5

I am writing a plugin for Jira which involves parsing of XML documents. I am using JAXB to do so (XML to pojos and vice versa) So have a class which generates XML from pojos using JAXB. it looks like...

import javax.xml.bind.*;

Class Parser {
  public void m1() {
    ...
    // code which uses classes in javax.xml.bind.*
  }

  public static void main(String args[]){
   Parser p=new Parser();
   p.m1();

  } 
}

The mentioned packages will come with JDK distribution (rt.jar). so i haven't relayed on anything else to run the class.

when i launch it from command line using 'java' it's working properly. but, when i package it as a jar and put it as plugin in Jira it's failing with the following error

javax.xml.bind.JAXBException: Provider com.sun.xml.bind.v2.ContextFactory not found
 - with linked exception:
[java.lang.ClassNotFoundException: com.sun.xml.bind.v2.ContextFactory]
        at javax.xml.bind.ContextFinder.newInstance(ContextFinder.java:152)
        at javax.xml.bind.ContextFinder.find(ContextFinder.java:299)
        at javax.xml.bind.JAXBContext.newInstance(JAXBContext.java:372)
        at javax.xml.bind.JAXBContext.newInstance(JAXBContext.java:337)

This is on the same machine. only difference i could see is unlike launching from command line, when i deployed it in Jira, it's not calling the main() but m1() by instantiating.

I am wondering what is happening ! it's on the same machine. i do not know how Jira launches the application (as i am launching from command line).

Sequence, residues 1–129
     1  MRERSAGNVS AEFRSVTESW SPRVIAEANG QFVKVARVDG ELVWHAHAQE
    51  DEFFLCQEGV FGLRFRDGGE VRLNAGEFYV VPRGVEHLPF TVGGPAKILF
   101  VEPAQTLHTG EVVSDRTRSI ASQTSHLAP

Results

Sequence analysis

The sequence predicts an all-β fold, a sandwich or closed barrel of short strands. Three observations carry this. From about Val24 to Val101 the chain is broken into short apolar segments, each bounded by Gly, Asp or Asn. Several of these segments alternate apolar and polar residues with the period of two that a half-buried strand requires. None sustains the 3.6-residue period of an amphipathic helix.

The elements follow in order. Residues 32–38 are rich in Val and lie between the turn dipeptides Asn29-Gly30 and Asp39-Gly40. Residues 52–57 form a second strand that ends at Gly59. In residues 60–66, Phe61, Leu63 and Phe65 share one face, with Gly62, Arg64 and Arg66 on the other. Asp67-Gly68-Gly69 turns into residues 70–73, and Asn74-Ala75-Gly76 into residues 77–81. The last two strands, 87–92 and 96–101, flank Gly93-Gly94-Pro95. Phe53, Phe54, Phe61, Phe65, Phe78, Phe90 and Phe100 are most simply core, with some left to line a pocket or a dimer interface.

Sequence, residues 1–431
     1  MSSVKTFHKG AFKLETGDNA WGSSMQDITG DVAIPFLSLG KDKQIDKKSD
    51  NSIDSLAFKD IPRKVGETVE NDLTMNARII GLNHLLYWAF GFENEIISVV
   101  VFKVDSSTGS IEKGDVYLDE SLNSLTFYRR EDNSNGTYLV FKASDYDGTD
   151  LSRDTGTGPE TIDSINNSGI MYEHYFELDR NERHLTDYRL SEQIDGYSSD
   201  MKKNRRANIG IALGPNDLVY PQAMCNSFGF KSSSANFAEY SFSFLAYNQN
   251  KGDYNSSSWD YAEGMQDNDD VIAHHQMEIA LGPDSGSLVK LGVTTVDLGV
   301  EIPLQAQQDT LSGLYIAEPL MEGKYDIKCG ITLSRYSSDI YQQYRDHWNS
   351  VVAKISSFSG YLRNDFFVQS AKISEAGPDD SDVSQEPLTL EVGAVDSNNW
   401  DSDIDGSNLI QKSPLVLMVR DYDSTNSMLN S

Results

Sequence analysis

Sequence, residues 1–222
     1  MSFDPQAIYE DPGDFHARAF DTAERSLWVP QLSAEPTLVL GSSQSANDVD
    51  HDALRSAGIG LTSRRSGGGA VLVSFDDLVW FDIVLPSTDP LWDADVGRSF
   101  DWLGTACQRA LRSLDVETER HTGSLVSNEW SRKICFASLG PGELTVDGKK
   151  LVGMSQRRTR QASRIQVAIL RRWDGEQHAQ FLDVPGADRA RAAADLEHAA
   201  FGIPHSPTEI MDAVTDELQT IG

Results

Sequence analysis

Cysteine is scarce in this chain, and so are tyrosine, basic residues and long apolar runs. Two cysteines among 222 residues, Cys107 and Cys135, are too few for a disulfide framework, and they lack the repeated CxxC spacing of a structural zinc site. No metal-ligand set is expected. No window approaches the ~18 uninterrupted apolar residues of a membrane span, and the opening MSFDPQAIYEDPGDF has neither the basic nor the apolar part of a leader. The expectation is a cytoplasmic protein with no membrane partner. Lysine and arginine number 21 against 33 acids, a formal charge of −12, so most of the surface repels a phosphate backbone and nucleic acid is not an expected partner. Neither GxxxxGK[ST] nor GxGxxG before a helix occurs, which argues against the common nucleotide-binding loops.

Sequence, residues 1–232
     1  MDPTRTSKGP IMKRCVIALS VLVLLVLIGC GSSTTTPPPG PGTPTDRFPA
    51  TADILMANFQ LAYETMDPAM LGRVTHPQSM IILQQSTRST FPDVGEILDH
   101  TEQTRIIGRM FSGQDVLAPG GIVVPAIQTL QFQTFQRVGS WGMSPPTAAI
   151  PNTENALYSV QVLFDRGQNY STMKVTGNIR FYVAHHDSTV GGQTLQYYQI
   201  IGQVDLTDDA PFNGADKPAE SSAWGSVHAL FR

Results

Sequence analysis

4
6

I know this is sort of a late answer, but for people landing here there are a few things not mentioned in the other posts that is of importance when developing plug-ins for JIRA (and other Atlassian products).

First JIRA, or rather Atlassian, has two types of plug-ins, see Differences between Plugins1 and Plugins2

Since it was a ClassNotFoundException (and JIRA v4.0.1), I assume the plug-in is a Plugin2, which can be used in JIRA v4 and later.

From JIRA v4, JIRA acts as an OSGi container, and hence Plugin2 is an OSGi bundle. In OSGi every bundle has its own set of class loaders. This enables different bundles to have different versions of the same jars, and to be hot deployed, among other things. The catch, however, is that not all packages from the JDK is per default available to these class loaders. This is explained under Plugins, bundles and OSGi on the Atlassian Developers web page. A more detailed description can be found in the blog Exposing the boot classpath in OSGi at Springsource. The second paragraph there even has the title NoClassDefFoundError: com.sun…

Such much for the theory.

When developing a plug-in for JIRA with the Atlassian SDK, Maven is used behind the scenes, see Atlassian Plugin SDK Documentation. So there will be a pom.xml in the plug-in project. To include JDK packages in the plug-in, one can add a <SystemProperties> tag to the maven-jira-plugin (for other Atlassian products, there's a corresponding maven plugin), and set the bootdelegation property (and you might want to set java to 1.6 for the maven-compiler-plugin):

...
<build>
    <plugins>
        <plugin>
            <groupId>com.atlassian.maven.plugins</groupId>
            <artifactId>maven-jira-plugin</artifactId>
            <version>3.7.3</version>
            <extensions>true</extensions>
            <configuration>
                <productVersion>${jira.version}</productVersion>
                <productDataVersion>${jira.data.version}</productDataVersion>
                <systemProperties>
                    <property>
                        <name>atlassian.org.osgi.framework.bootdelegation</name>
                        <value>sun.*,com.sun.*</value>
                    </property>
                </systemProperties>
            </configuration>
        </plugin>
        <plugin>
            <artifactId>maven-compiler-plugin</artifactId>
            <configuration>